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John Wick: Chapter 2
Basically picking up where the first film left off, John Wick Chapter 2 beings with our titular assassin (once again played by Keanu Reeves) in a quest to get his car back from the Russian mob that made his life so difficult in the first place. With that taken care of, he intends to go back into retirement once and for all after handing his damaged Mustang over to Aurelio (John Leguizamo) and burying his gear in the basement of his New Jersey home. That all changes when a man named Santino D'Antonio (Riccardo Scamarcio) shows up at his door. See, sometime in the past Santino helped Wick retire the first time around. In return, he gave him a marker (essentially a blood marked talisman) that he could turn in for a favor. According to the rules, this favor must be granted. John doesn't see it that way, and without even hearing what Santino wants, he sends him on his way. Or so he thinks. Santino feels differently and a few minutes later has levelled John's house.
After talking it over with Winston (Ian McShane), John realizes he doesn't have much of a choice. He meets Santino at the museum and learns that he wants Wick to kills his sister, Gianna D'Antonio (Claudia Gerini). Since their father recently passed away Gianna is next in line to succeed him in his now vacant seat at the ‘high table.' Santino wants that spot for himself, in hopes of eventually controlling all of New York City's assassin related underworld. Begrudgingly, Wick gets outfitted for some new gear and some new suits and heads to Italy where he takes up residence at The Continental in Rome, run by Winston's Italian associate Julius (Franco Nero). After he makes a few connections, Wick has all the firepower he could want and maps of the D'Antonio's estate. He makes his way in and gets the kill he needs to hopefully once again retire, but he learns very quickly while making his escape that he's been set up…
Once again directed by Chad Stahelski and written by Derek Kolstad, the same creative team behind the first picture, John Wick Chapter 2 works on the same level as that earlier picture. It's slick, it's stylish, it's suspenseful and it's insanely violent. The movie starts off with an intense car chase that's as much a fight as anything else in the film, almost all of it taking place inside a massive NYC warehouse. From there, we slow down just long enough to setup the main plot and the conflict between Wick and D'Antonio, and then we're off. We get a twists and turns along the way, of course. There's Cassian (Common), the man in charge of keeping Gianna safe out to pay Wick back in kind, and then there's Santini's right hand woman, a petite but deadly deaf assassin named Ares (Ruby Rose) and then there's the involvement of another high ranking professional killer dubbed The Bowery King (Laurence Fishburne) but the bulk of the story once again revolves around Wick getting back at those who have messed with him. Which is as it should be. The first film and this sequel never needed to be deep to work, and so they're not. We get as much character development as we need but when it comes down to brass tacks, it's the action set pieces and the remarkably cool visual style that makes the picture worth checking out.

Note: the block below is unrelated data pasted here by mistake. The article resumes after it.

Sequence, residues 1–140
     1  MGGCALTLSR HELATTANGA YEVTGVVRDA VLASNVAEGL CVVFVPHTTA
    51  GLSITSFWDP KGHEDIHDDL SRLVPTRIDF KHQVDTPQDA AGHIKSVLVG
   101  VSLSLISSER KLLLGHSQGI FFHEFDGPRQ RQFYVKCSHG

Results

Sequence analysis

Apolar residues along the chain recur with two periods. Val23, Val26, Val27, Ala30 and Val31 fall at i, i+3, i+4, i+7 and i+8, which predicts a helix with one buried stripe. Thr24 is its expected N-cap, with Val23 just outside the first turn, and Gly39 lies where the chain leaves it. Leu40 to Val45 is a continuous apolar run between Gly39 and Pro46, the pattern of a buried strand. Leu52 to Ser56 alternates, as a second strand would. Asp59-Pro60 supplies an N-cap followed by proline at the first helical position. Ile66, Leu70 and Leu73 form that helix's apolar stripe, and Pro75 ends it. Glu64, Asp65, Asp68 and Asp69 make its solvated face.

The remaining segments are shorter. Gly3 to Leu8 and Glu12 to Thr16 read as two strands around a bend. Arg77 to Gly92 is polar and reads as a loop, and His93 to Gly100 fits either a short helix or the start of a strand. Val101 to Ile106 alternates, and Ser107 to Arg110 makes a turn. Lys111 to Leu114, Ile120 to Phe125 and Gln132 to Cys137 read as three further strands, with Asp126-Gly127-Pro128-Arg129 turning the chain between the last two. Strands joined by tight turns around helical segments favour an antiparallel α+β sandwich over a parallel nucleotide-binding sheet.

The cast all do fine work here. Reeves is once again cast in a role that really seems tailor made to both his strengths and his weaknesses as an actor. His John Wick is a man of few words and much action, the coolest of the cool. He's smart, he's resourceful, but he's quiet, able to say as much with a subtle nod than reams of dialogue. He's great in the part: suave, deadly and slicker than grease. Playing off of this is Riccardo Scamarcio as Santini, a man who quickly realizes he's in over his head and how lets his confidence get the better of him. He makes for a fine foil, while supporting work from Common and Ruby Rose as two competing assassins also just adds to the fun.The Blu-ray:
John Wick Chapter 2 arrives on Blu-ray in an AVC encoded 1080p high definition transfer framed at 2.40.1 widescreen. As this was shot on high end digital video cameras there's obviously no problem with print damage or dirt. As to the detail and texture offered by the transfer, it's pretty strong across the board though keep in mind that this film is very dark in style and that there are times where post production color tweaking to keep that dark style moving can sap out some detail. Thankfully, that's the exception rather than the rule and most of the movie looks great, showing very nice detail, depth and texture, there are just a few shots that don't quite get there for the reason just explained. The disc is free of any obvious edge enhancement and there are no problems to note with any serious compression artifacts and black levels are solid. Color reproduction, when not tweaked, looks good and when tweaked looks… slick. This is a nice looking movie, it's just not always all that natural looking. It definitely works in the context of the story told though and once you get used to the movie's style, it really starts to grow on you. This transfer is rock solid and it suits the movie perfectly.Sound: